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Service management and the human factor

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Internet Security Threat Report 2014

Workshop If your job involves managing IT, IT services or business services it’s probably not escaped your attention that for better or worse, your job entails working with other people. Whether strong demarcations between “IT” and “The Business” exist, or whether your firm takes a more ‘progressive’ approach, there are numerous constituencies, each of which operates separately from the rest.

Without getting into tribal structures, hunter gatherers or the rather clever approach they have to organisational structure at companies like Gore, the fact is that such structures inevitably have an impact on how services are delivered, monitored, measured and managed. Despite the best efforts of the IT industry to automate the pants off computing, it’s all still pretty people intensive. For all the talk of ‘automation’ and ‘lights out’ data centres or server rooms – and there are rational arguments for and against – we’re still working in ways that require high levels of human interaction.

We have application guys, database guys, server guys, network guys, desktop guys, security guys (and gals) and so on. Each is working in their own area, solving their own problems with their own tools. This is partly down to the development of IT and its management. Both have added layers on layers over time, each adding new capability and complexity. Management tools have proliferated; and although ‘management suites’ exist, we find that IT organisations using them are no better off in terms of the burdens they find themselves under than those that follow a multi-product or vendor approach to IT management.

So how does this impact service management? The result of the mish-mash of human interactions and information technology is a fragmented view of the world and quite a lot of inefficiency, something readily acknowledged by the readers of The Register. However, the current state of play demands that we need these multiple and different sets of skilled people to keep everything working properly. And, given we find it unlikely that most organisations will seek to implement fully automated computer facilities any time soon, this model looks set to continue for the immediate future.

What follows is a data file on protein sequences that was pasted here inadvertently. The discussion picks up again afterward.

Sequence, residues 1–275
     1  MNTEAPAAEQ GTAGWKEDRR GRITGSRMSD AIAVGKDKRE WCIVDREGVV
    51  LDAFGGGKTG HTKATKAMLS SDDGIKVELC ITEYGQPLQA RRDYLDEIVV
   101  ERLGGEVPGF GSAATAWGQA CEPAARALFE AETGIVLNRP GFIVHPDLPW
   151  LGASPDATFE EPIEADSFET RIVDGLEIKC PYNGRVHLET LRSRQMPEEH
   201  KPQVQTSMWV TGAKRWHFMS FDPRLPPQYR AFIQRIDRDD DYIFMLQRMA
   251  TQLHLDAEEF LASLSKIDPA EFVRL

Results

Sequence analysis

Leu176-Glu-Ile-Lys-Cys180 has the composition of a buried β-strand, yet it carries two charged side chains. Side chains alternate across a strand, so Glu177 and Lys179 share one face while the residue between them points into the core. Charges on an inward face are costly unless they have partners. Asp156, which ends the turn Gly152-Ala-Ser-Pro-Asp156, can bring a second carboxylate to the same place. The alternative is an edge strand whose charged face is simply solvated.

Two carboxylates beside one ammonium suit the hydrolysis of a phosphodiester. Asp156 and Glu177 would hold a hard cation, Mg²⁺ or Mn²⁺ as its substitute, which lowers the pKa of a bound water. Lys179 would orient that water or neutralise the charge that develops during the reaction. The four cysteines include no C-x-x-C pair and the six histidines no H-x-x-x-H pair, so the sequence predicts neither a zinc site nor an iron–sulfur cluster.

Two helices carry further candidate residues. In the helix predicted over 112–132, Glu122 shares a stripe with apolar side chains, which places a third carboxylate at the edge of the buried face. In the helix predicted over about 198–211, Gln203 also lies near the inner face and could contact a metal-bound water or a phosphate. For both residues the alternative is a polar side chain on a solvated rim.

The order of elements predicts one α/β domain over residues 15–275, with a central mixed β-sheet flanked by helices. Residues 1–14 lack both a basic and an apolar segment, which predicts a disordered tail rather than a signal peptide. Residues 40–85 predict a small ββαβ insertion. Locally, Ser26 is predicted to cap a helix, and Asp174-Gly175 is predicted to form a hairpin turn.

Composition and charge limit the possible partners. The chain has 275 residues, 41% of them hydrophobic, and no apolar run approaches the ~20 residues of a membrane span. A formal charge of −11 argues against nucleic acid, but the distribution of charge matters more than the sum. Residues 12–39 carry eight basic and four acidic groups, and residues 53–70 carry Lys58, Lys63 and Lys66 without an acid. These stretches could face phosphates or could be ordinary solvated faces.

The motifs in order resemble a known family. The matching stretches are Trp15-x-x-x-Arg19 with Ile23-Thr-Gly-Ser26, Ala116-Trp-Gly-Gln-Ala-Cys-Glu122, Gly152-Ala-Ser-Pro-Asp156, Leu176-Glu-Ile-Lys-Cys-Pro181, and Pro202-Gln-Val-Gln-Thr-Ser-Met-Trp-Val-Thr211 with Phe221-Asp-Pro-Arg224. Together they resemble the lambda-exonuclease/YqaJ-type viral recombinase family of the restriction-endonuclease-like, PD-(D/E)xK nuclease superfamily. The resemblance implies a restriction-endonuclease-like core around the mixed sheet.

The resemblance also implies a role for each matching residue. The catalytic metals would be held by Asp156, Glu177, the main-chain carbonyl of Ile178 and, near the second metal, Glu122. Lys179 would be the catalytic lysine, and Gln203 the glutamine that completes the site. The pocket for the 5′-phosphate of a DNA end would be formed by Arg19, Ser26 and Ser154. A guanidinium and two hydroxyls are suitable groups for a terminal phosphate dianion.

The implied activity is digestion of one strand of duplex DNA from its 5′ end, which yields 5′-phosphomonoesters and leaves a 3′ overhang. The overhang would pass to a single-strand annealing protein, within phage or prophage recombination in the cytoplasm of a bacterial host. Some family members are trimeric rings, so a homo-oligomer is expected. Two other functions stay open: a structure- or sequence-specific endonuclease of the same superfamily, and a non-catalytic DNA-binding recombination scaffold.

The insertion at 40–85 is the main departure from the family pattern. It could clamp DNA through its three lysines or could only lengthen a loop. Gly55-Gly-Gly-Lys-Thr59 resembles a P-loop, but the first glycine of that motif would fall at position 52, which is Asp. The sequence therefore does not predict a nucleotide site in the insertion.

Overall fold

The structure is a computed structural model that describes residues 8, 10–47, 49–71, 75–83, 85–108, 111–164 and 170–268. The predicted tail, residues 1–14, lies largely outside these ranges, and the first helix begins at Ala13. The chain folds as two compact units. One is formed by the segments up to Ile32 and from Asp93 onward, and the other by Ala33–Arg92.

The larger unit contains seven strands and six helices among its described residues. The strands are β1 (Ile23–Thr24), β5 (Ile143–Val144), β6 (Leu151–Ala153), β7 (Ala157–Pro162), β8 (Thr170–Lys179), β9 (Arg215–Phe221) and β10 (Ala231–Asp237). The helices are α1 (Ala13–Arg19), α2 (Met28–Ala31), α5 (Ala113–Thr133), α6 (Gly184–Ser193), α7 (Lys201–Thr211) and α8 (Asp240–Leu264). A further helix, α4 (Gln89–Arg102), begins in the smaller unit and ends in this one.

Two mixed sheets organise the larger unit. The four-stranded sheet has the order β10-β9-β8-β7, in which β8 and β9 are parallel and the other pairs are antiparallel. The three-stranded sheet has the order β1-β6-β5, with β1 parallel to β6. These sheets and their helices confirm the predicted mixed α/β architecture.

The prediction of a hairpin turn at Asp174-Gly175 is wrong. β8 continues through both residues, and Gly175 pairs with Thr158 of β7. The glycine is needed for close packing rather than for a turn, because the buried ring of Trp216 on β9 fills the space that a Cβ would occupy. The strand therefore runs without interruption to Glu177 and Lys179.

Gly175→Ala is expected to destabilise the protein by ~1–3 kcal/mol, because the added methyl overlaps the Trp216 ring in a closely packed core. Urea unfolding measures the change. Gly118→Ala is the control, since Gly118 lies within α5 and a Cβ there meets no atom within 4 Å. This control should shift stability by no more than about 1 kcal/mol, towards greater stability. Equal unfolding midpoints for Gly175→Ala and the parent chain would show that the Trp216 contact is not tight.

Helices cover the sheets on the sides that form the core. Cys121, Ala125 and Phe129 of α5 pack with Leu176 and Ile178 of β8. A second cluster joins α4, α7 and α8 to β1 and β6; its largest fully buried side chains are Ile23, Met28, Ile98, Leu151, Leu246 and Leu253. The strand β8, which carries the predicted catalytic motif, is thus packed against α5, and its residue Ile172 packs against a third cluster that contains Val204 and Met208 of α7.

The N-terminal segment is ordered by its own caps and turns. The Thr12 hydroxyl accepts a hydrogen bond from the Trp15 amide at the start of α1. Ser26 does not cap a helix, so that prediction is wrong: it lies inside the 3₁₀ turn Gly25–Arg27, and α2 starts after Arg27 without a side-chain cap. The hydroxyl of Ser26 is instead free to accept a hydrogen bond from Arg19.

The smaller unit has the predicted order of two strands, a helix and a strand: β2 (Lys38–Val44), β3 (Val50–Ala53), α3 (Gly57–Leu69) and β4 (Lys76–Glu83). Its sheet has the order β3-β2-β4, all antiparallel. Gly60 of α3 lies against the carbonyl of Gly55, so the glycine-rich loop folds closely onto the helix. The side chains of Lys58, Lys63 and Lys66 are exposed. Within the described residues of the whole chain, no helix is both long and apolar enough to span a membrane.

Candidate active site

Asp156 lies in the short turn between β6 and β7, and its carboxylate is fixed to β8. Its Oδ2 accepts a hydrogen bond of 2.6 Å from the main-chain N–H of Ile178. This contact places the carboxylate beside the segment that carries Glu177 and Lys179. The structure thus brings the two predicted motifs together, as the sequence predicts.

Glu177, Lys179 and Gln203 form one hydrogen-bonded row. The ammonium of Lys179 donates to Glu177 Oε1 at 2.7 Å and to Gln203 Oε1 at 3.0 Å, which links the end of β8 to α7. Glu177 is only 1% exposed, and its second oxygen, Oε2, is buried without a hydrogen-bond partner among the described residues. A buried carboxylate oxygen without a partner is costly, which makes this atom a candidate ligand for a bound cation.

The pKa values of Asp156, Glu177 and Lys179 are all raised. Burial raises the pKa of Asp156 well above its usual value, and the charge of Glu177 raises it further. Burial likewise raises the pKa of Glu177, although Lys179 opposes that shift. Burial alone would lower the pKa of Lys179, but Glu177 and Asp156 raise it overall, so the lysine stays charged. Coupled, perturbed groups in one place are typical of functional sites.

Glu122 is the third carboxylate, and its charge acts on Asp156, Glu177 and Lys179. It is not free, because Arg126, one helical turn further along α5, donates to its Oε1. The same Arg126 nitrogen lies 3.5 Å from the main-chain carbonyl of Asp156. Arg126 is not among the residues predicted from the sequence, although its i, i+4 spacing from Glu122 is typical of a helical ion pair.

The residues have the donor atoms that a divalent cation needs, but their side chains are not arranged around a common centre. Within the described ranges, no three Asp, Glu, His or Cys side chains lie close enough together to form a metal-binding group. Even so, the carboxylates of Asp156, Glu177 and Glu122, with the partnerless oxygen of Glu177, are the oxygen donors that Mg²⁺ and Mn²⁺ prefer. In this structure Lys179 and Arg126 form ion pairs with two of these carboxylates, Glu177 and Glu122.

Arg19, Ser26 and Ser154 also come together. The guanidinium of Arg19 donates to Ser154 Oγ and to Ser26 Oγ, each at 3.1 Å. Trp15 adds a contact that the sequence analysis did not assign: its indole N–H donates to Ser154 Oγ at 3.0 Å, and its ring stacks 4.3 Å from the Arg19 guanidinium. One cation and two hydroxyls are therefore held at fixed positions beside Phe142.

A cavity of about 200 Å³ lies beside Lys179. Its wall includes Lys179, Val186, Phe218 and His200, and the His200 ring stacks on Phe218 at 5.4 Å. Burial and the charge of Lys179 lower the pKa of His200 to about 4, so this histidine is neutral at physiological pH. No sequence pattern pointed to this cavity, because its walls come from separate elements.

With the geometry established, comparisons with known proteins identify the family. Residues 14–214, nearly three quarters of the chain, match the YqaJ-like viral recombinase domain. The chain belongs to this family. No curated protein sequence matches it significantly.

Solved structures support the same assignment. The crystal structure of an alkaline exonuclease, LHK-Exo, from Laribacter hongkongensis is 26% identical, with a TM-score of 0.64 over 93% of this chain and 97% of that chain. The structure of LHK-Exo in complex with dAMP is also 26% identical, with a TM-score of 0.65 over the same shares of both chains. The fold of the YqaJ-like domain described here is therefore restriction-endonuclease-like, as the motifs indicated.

The much talked-about skills shortage in IT may have something to say about that. Hardware becomes obsolete but code persists. IT organisations may be delivering services which rely on software (COBOL springs to mind) they may not have the skills to fix. Is retirement of people a bigger risk than retirement of technology, or just another reason why the industry’s ‘automate everything’ message makes sense?

In the real world, too much pressure from all sides – economy, IT budgets, business demands, skills - could mean no movement whatsoever. Service management works today in spite of or because of the people bridging gaps where the technology doesn’t.

If the future holds more of the same, then building a better understanding of our own organisations and infrastructure will help. This means getting over that separate entity thing and working out how to deliver services to the business without everyone doing their bit in isolation. But given how quickly the outside world is forcing our businesses to evolve, are we going to get the opportunity to join things together or will we need ever more people to manage ever more stuff? If you have any thoughts on this ever so slightly broad topic, we’d love to hear them, as always.

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